"Cause-related marketing" ventures appear to be proliferating across the United States, prompting serious examination by those who study the nonprofit sector.
The term "cause-related marketing" is applied to joint ventures between for-profit businesses and nonprofit organizations. The term was coined by American Express in 1980 when it gave a boost to restoration efforts for the Statue of Liberty by donating a small amount of money for each credit card transaction during a defined period of time. For that effort, as with other cause-related marketing ventures it has done in the intervening years, millions have been raised for nonprofit causes ranging from support of Olympic athletes to organizations that battle hunger and homelessness.
When cause-related marketing programs work, they appear to be good for both sides. Nonprofits develop new sources of funding, enlarge their support base and improve public awareness of their work. Businesses gain by differentiating themselves from competitors, increasing public exposure at lower cost, broadening their customer base, improving customer recognition and attitude toward the company, improving relations with its work force and vendors, and, most importantly, bringing in additional revenue.
When the media that specialize in the nonprofit sector devote attention to cause-related marketing, they tend to focus on large corporations working with large charities. But what about the many midsized corporations and small to medium nonprofits that have successfully implemented programs of mutual benefit?
The latest issue of Jossey-Bass' scholarly publication Nonprofit Management & Leadership -- Volume 5, Number 3, Spring, 1995 -- contains a gem of a scholarly article which carefully examines cause-related marketing ventures among midsized firms, largely family-owned, that support arts organizations.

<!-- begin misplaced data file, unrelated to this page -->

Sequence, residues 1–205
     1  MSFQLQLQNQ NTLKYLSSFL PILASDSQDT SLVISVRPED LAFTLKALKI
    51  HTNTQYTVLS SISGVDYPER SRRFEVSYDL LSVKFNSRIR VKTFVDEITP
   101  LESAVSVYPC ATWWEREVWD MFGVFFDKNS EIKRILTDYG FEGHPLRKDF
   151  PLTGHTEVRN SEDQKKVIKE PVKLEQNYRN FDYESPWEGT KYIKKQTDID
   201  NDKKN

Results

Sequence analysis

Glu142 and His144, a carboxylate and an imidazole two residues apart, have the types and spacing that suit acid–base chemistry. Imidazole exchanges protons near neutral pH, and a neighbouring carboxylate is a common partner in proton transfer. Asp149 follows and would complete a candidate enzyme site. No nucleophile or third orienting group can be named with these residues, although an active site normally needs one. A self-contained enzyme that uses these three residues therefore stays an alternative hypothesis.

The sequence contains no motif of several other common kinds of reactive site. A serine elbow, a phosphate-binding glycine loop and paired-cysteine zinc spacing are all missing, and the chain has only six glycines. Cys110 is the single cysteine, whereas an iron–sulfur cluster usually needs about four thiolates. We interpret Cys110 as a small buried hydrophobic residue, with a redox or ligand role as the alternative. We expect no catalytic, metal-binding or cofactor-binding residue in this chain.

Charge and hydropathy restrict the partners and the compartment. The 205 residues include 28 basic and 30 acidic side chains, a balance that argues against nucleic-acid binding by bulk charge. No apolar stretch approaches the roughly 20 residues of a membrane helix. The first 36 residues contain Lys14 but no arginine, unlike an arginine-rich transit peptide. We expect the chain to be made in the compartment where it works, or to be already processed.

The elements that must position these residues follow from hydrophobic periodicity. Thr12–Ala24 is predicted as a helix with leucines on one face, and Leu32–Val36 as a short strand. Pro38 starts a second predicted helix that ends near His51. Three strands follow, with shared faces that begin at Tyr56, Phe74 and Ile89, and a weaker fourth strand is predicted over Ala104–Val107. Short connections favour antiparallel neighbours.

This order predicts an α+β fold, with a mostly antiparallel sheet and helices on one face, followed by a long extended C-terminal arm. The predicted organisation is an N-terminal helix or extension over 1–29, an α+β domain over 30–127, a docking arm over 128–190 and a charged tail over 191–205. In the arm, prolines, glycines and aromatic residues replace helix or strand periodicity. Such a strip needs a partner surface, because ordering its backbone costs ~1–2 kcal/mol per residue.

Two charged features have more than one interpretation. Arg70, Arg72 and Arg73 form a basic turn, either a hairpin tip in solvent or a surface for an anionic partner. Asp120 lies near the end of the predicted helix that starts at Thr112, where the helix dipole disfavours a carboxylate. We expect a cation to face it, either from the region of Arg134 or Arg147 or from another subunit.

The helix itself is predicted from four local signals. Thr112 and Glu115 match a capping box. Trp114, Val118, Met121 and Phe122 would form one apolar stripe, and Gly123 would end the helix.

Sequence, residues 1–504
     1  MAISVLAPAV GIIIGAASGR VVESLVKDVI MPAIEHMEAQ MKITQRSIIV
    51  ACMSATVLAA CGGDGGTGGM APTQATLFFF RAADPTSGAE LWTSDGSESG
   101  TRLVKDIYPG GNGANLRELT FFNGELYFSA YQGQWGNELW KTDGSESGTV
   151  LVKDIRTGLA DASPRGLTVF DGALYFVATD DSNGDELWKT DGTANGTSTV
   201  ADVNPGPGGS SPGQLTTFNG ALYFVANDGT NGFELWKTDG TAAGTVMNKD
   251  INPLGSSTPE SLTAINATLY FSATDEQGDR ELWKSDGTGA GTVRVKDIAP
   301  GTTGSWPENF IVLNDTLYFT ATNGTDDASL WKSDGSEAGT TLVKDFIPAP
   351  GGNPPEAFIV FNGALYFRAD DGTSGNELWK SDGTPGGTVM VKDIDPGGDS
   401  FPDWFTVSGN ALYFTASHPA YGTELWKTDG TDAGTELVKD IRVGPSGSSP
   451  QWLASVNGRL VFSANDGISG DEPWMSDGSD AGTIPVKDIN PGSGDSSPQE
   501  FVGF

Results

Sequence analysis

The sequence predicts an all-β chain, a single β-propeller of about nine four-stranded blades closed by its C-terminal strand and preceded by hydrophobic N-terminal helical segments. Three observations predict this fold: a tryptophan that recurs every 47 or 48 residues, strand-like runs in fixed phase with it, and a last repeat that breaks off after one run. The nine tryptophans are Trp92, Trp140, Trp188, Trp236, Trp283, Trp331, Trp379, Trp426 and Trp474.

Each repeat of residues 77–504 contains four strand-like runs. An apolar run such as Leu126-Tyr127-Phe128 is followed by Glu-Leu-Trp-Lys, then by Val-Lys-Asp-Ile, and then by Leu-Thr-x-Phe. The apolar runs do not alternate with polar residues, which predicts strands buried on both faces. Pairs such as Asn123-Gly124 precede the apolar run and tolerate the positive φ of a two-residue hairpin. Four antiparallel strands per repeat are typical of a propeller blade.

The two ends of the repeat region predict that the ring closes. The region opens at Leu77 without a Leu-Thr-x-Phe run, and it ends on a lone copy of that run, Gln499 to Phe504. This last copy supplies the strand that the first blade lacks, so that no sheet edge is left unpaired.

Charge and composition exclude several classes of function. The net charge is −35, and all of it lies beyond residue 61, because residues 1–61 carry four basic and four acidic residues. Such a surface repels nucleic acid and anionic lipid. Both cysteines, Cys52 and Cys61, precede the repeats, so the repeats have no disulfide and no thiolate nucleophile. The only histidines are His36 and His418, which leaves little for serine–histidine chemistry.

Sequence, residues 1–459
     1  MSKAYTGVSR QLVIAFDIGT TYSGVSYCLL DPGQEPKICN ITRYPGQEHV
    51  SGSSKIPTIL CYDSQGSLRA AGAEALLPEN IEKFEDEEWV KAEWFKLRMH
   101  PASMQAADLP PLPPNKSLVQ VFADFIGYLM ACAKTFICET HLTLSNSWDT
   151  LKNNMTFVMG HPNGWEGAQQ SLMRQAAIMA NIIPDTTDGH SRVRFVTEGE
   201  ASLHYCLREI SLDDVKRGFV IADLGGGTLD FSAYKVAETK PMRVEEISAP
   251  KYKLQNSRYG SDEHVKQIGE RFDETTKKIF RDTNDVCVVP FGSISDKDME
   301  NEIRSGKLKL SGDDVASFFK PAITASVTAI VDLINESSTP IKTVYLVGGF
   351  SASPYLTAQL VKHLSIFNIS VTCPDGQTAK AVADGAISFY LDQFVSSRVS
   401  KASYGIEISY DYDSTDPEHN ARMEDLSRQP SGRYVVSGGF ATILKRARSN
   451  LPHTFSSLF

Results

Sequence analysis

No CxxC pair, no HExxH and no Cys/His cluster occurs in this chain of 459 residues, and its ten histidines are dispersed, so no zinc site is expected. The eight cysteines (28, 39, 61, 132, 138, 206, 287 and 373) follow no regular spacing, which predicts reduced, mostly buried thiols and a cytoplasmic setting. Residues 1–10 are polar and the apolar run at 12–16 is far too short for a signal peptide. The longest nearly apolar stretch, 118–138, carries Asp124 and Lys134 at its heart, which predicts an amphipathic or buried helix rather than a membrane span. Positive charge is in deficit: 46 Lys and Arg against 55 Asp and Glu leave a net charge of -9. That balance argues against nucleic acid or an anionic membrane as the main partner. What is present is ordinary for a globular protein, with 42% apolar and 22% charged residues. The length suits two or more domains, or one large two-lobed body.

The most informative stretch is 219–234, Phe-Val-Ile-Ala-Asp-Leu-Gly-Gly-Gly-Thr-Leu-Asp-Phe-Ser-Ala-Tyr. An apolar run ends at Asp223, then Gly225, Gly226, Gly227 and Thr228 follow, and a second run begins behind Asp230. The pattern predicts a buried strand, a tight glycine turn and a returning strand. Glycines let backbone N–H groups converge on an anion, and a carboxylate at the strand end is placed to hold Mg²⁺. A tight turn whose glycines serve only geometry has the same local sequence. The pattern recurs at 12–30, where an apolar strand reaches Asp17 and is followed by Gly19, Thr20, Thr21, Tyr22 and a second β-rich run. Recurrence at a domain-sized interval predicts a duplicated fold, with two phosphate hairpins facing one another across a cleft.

While the study by Karen Maru File and Russ Alan Prince was limited to the greater New York City metropolitan area, the study confirms trends that I've recently written about in our region.
The authors acknowledge that more midsized companies now believe their charitable work should be linked to their marketing and should advance corporate self-interests. In itself, this position is not a bad thing for nonprofits. However, as I've stated many times before in this column, nonprofits and their for-profit corporate partners must understand at the outset what each other's interests are in order to minimize major public relations disasters down the road.
In File and Prince's study, almost 80 percent of businesses involved in philanthropy with arts organizations were philanthropically motivated. Only 20 percent specifically sought business benefits linked to their charitable involvement. However, the study found a growing interest in cause-related marketing even among those whose giving was philanthropically motivated.
While the authors fill their study with interesting data, one finding is particularly telling. More than two-thirds of those businesses that had developed a cause-related marketing program with a nonprofit were dissatisfied with their relationship.
Given the fact that cause-related marketing has already built a history of success over the past 15 years, and given its increasing popularity, why is it still leaving midsized business owners dissatisfied?
I have found that the primary reason for unhappiness between nonprofit and for-profit partners is miscommunication about program goals and objectives. This often leads to thorny and complex problems down the road. In most cases, this miscommunication is due to business naivete on the part of the nonprofit, and a lack of understanding of the operations and motivations of the nonprofit sector on the part of the business leaders.
This is further complicated by the tendency of many nonprofit managers and some board members to believe that partnerships with for-profits are, at the very least, suspect. This creates an inherent dissonance within the management and governance structures within the nonprofit that undermines potentially rewarding programs.
Successful cause-related marketing partnerships have clear goals and concise objectives, good lines of communications, leadership support, an evaluation plan, and lots of detail on exactly what resources will be brought to the table.
Nonprofit Management & Leadership can be ordered from Jossey-Bass at (415) 433-1767.
Lester A. Picker is a philanthropy consultant. Write to him at The Brokerage, 34 Market Place, Suite 331, Baltimore 21202; (410) 783-5100